Music of the Month; I’m cheating a bit here

It rained today. Screw the sunny music I was going to use, let’s go with this.

Reason? It wasn’t just raining today, it was thunder and lighting as well. ’tis also one of my favourite songs.

It’s going to be busy summer. I still aim at two posts per week, but lately not only my own schedule has been killing me a little bit, but my editor’s personal life also went through renovation. Life has a tendency on meddling with planned things like that. To add to this, the next few weeks will be living hell now that I’m going to finish with deadlines for the current project I’m involved with, which also means that I’m going to be involved in a new project that will kill me and most likely force me to work on graphics and we all know that I can barely do logos. Oh well…

To mention some more recent events, industrialised plagiarism lifted its ugly head this week because of Marimekko. Kristina Isola, the designer who plagiarised Maria Primtšenko’s, did nothing new or extraordinary. She did what people deem like a huge evil act is something we allow film directors, musicians, game designers and God knows who else to do on regular basis. The buzz here is mostly because the design Isola did became rather popular. Again, nothing new. However, I have to laugh a bit at Primtšenko’s grandson, Ivan, who says that The designer most likely didn’t do it on purpose.

I’ll tell you one industry secret on designers; almost all of them lie and plagiarise intentionally. They won’t tell you about it, because they hope never to be caught. They call it with other names, like being inspired or that they got the idea from somewhere. The customers allow this to happen in most cases, and by extension the industry allows it to happen. I repeat; this is industrialised plagiarism.

Quality design stems from professional craftsmanship. Be it industrial or whatever else. Isola certainly has enough experience and skill to be a craftsman, but because almost everybody turns the blind eye at plagiarism, she chose to be stupid.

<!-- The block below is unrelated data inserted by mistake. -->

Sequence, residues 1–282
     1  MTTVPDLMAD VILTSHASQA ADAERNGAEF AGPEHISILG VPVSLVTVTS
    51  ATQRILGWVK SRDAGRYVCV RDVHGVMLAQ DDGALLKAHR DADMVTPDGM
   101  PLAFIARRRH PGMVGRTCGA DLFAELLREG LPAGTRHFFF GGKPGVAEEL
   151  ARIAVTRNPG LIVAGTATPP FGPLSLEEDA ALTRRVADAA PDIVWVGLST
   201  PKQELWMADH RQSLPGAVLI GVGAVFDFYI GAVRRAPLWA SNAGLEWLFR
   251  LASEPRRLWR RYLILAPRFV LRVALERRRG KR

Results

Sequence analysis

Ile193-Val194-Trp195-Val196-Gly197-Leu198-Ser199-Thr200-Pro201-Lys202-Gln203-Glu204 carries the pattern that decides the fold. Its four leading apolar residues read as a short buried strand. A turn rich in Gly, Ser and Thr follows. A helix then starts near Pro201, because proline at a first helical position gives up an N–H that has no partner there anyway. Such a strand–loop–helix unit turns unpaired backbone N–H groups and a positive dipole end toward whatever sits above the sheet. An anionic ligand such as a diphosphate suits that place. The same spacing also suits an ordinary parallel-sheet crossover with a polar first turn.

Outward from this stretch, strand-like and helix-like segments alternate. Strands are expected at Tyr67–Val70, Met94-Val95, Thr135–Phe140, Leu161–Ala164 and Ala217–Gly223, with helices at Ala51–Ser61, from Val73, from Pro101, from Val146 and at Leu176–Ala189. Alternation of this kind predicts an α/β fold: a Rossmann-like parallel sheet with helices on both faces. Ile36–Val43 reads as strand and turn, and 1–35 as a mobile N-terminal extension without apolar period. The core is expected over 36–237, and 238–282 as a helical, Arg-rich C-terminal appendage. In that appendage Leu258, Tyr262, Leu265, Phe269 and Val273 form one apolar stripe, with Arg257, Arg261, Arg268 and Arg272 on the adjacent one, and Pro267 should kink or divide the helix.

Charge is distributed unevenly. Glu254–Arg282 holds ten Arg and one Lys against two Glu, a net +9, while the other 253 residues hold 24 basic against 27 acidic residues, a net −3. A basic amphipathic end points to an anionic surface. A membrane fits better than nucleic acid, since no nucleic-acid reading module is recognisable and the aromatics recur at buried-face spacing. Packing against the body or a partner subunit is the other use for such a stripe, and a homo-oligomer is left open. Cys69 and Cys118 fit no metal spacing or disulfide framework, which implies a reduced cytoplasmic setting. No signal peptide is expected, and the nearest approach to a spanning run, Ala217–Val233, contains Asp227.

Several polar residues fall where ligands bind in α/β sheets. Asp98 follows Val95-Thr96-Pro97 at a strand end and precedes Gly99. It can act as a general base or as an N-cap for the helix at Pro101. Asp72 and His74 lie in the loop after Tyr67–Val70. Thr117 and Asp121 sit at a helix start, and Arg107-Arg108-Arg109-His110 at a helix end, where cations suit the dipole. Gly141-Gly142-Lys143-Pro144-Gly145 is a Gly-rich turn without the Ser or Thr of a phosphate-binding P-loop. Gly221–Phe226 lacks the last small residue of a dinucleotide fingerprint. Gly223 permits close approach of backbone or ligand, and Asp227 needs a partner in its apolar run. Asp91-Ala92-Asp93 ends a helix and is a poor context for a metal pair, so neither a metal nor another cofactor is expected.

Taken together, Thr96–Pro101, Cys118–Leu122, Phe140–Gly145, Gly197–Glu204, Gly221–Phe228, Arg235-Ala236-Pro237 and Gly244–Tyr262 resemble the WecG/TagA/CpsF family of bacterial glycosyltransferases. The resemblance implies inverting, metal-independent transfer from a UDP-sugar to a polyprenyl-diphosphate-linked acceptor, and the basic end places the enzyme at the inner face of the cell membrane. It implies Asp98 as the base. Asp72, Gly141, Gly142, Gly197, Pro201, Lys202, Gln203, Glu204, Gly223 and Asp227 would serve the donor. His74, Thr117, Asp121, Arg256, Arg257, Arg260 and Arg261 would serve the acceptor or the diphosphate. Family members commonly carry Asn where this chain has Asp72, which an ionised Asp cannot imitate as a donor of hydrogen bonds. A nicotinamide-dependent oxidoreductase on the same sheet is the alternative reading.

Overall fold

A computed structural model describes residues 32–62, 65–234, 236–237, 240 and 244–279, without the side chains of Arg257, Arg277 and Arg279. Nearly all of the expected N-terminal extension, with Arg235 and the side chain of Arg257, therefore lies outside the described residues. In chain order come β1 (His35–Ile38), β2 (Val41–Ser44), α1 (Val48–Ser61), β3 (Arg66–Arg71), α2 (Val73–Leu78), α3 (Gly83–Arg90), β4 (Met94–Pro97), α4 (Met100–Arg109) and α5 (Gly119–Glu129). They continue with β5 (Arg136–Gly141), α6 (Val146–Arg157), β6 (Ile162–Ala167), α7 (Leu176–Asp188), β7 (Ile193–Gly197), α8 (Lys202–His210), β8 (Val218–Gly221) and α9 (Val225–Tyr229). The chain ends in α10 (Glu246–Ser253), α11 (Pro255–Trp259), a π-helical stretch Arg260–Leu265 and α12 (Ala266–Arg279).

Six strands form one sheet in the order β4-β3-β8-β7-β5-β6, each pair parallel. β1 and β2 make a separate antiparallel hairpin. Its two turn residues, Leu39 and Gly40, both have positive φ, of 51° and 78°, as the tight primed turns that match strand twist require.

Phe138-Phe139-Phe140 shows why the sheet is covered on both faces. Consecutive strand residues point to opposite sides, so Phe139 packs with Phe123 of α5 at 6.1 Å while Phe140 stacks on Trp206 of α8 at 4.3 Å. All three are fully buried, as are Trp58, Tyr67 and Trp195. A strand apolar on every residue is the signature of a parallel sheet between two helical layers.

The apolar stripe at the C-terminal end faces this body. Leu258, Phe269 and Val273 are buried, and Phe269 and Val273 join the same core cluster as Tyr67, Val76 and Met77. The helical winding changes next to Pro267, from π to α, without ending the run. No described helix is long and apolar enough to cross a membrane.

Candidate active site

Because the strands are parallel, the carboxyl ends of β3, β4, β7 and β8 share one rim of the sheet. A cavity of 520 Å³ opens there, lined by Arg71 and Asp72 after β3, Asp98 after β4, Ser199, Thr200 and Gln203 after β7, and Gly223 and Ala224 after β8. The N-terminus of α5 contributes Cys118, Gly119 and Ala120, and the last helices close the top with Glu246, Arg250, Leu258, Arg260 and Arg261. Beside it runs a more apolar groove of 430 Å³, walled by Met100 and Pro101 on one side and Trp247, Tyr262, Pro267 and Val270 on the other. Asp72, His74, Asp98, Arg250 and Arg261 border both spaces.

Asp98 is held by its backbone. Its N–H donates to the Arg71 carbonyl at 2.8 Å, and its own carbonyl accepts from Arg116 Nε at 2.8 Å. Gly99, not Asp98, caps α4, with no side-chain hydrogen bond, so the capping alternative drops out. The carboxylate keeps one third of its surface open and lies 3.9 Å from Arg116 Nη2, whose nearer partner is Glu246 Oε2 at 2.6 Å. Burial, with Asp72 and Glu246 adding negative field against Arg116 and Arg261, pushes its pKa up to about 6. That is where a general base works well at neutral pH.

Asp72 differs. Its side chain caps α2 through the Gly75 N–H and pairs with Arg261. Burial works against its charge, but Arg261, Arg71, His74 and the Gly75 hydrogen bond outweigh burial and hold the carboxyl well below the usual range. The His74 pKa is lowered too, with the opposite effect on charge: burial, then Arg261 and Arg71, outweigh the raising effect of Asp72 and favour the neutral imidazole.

To understand the origins is to understand the coda

In many ways imitation is flattery. Imitation teaches us, nurtures the methods we employ and widens our perception on the subject. Yet, if we only continue with imitation we very soon step into the realm of plagiarism. By just imitating we won’t understand the underlying elements or the reasons why those elements exist in the first place. In visual arts we all can imitate the lines and colours of the Mona Lisa and understand nothing of it. After that we are unable to do anything else but copy those lines and colours all over again, perhaps in slightly different composition but still empty inside. The same example can be drawn into anything.

The best way to learn, and thus understand, anything is to go back to the point of origin. In regards of design to understand why a chair is shaped like it is throws us back to the ergonomics of human body; how the curves go, where are the points of support and so forth. It’s almost useless to start looking for examples first, as they will without a doubt only lead into an imitation of the example. When that imitation is made into (figurative) flesh, it becomes plagiarism.

And in some cases, this plagiarism is greeted with applauses and admirations, especially from those who have no idea of the origin. It is, due to lack of any better words, ‘evil’ to abuse others’ ignorance.
There are numerous things that are more than their origins. Renaissance, for example, is not just a rebirth of arts and science, but something much larger overall. Nevertheless, understanding what the Renaissance was at its core allows us to do nothing less than what is in spirit of it. Baroque is another example, where simply understanding why Caravaggio’s paintings looked like why they were, why the lights and shadows played their game with the intricate details, we can completely understand the rest of the era and create/produce something that is nothing less than Baroque itself.

To make something that is pop art of the 50’s we only need to see where it mostly came from; comics and visual package designs, but also from various avant-garde visuals from the 20’s and 30’s . Andy Warhol was an excellent thief, who didn’t understand what he was stealing, but managed to engineer a method to plagiarize small photos into larger scale. He is an example of person who blatantly stole and never stepped forth to give credit for his works, and yet he was (and sadly still is) hailed as some sort of genius. It’s a double standard.